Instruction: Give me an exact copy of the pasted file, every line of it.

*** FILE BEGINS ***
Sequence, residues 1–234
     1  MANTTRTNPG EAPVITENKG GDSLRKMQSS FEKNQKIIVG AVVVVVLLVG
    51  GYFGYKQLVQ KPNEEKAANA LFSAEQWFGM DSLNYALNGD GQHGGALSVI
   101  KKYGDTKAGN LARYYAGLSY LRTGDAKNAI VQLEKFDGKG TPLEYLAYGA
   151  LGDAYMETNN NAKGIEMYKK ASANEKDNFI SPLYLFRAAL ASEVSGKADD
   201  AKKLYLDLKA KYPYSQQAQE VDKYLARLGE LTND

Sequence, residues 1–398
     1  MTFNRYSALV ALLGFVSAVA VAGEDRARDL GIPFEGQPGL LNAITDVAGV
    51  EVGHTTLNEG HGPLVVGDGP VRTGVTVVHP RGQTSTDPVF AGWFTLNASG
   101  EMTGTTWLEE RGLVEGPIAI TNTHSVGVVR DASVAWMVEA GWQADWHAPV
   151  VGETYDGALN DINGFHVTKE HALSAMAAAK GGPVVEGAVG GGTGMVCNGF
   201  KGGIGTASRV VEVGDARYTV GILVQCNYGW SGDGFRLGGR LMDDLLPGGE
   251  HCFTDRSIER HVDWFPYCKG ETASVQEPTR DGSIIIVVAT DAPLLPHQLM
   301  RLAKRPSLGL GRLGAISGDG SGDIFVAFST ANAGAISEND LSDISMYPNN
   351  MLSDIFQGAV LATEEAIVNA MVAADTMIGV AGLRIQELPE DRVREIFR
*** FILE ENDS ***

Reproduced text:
Sequence, residues 1–234
     1  MANTTRTNPG EAPVITENKG GDSLRKMQSS FEKNQKIIVG AVVVVVLLVG
    51  GYFGYKQLVQ KPNEEKAANA LFSAEQWFGM DSLNYALNGD GQHGGALSVI
   101  KKYGDTKAGN LARYYAGLSY LRTGDAKNAI VQLEKFDGKG TPLEYLAYGA
   151  LGDAYMETNN NAKGIEMYKK ASANEKDNFI SPLYLFRAAL ASEVSGKADD
   201  AKKLYLDLKA KYPYSQQAQE VDKYLARLGE LTND

Sequence, residues 1–398
     1  MTFNRYSALV ALLGFVSAVA VAGEDRARDL GIPFEGQPGL LNAITDVAGV
    51  EVGHTTLNEG HGPLVVGDGP VRTGVTVVHP RGQTSTDPVF AGWFTLNASG
   101  EMTGTTWLEE RGLVEGPIAI TNTHSVGVVR DASVAWMVEA GWQADWHAPV
   151  VGETYDGALN DINGFHVTKE HALSAMAAAK GGPVVEGAVG GGTGMVCNGF
   201  KGGIGTASRV VEVGDARYTV GILVQCNYGW SGDGFRLGGR LMDDLLPGGE
   251  HCFTDRSIER HVDWFPYCKG ETASVQEPTR DGSIIIVVAT DAPLLPHQLM
   301  RLAKRPSLGL GRLGAISGDG SGDIFVAFST ANAGAISEND LSDISMYPNN
   351  MLSDIFQGAV LATEEAIVNA MVAADTMIGV AGLRIQELPE DRVREIFR